When Bryan Bergjans and his wife bought their first house in the early 2000s, he didn’t use his VA home loan benefit, because he didn’t know about it.

And no one involved in the purchase — including his realtor, his builder or his lender — suggested that he use the benefit. He even showed up to some meetings in uniform.

“You don’t know what you don’t know,” he said.

The VA home loan program, which is more than 75 years old, can be used, in general, to buy, build or refinance a home. It’s available to nearly every service member and veteran. And it can save you tens of thousands of dollars.

Bergjans, a Navy reservist, is now senior vice president and national director of military lending for Caliber Home Loans, which does business in all 50 states. The company ranked 13th in volume of VA loans in fiscal 2019, with 7,795 loans.

When he looks back at his own experience buying a home, there weren’t any malicious reasons behind the fact that he wasn’t offered the VA loan benefit, Bergjans said. It simply wasn’t on their list of options. “I had a straight lack of knowledge, no understanding.”

But he’s used his benefit since then. And that experience is part of the passion behind his effort to educate realtors. He speaks to thousands of realtors around the country every year, working to dispel some of their myths about VA loans.

Caliber Home Loans also partners with the MilHousing Network, an organization founded by two military spouses who are realtor estate agents, Lindsey Litton and Karina Gafford. MilHousing Network matches military families around the country with their network of about 1,500 military-friendly agents to help them find their new homes.

They also conduct military buyer training for real estate agents. Among the most important points: All agents should ask every buyer if they’ve ever served in the military, Litton said.

And according to everyone — real estate agents, lenders, VA officials in charge of the home loan program — the most important thing active-duty members and veterans can do when buying a home is to ask questions of their potential agent and lender about their experience with VA loans.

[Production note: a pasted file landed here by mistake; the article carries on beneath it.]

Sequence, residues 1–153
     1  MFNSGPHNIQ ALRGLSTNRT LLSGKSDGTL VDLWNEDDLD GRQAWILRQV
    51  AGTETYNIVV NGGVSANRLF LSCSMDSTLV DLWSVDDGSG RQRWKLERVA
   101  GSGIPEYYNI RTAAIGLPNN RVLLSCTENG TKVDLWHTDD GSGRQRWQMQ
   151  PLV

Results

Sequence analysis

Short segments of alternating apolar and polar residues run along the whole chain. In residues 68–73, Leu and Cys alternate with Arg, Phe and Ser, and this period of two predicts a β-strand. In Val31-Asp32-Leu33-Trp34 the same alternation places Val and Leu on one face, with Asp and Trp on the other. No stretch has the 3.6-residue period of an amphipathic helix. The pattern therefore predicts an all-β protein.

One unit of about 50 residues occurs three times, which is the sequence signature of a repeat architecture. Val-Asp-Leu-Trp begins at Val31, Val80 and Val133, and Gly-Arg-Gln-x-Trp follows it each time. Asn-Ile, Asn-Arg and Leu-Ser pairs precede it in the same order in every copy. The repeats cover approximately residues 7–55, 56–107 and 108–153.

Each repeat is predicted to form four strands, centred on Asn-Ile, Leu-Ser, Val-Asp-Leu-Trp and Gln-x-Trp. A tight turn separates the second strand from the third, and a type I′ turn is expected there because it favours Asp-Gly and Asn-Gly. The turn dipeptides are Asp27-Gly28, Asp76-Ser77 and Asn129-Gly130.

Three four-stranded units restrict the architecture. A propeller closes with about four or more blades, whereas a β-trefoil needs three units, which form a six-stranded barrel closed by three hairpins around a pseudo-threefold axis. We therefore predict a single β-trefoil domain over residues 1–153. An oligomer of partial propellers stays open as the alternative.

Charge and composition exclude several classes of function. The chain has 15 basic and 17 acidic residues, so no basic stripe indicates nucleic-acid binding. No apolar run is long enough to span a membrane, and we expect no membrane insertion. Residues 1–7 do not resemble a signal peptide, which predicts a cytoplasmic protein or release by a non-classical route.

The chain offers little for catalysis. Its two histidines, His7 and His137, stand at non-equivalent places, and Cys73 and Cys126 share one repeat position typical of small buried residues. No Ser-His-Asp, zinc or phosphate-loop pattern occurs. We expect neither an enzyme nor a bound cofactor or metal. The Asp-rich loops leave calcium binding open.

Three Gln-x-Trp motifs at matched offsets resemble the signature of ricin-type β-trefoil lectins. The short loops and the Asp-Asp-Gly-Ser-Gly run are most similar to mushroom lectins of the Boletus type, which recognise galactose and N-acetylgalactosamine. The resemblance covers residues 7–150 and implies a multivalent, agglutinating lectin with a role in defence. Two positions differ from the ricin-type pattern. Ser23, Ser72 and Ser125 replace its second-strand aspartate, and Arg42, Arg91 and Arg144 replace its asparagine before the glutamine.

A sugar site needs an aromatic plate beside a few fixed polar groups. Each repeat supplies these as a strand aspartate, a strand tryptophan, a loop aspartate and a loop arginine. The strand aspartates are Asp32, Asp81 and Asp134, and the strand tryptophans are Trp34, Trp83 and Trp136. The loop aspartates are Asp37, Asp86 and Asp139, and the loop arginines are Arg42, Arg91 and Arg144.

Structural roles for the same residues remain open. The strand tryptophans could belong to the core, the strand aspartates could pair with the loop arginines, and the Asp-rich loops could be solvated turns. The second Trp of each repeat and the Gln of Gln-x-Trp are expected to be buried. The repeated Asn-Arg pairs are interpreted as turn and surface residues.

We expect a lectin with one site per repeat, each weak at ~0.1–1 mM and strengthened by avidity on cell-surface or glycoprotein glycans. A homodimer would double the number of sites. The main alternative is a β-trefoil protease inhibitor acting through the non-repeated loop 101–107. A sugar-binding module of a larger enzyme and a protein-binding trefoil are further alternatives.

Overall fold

“If they’re going with a lender or a real estate agent who has done one or two VA loans in a year, that’s probably not who I would choose to go with,” said John Bell, deputy director of the VA Loan Guaranty Service.

“I would gravitate toward those people who know how to provide the benefit. I would ask those questions. How many VA loans have you done? How much training do you have for VA loans? What kind of advocacy are you doing for VA lending? I would ask those questions of not only my lender, but my real estate agent.”

The VA has made a concerted effort working with the Realtor community, such as providing training about the benefit, in order to combat some misconceptions, he said. There are myths that have been around for 20 or 30 years, he said, “and tackling those and really tearing down those perceptions have been the biggest struggle” for VA employees every day.

Bergjans warns veterans that it may be a challenge in some areas to use their VA home loan benefit, because real estate agents and lenders who don’t understand the benefit guide their customers to other, possibly more expensive, loan programs. “There’s a national epidemic with this,” he said.

Having that real estate agent who understands the military lifestyle is important for other reasons, said Karina Gafford, a real estate agent in San Antonio. For example, that agent should be very familiar with the area where an active duty service member is looking to buy a home, considering questions such as the likelihood of being able to sell or rent the home in two or three years. Borrowers need to evaluate their own situation to determine whether it makes good financial sense to buy a home.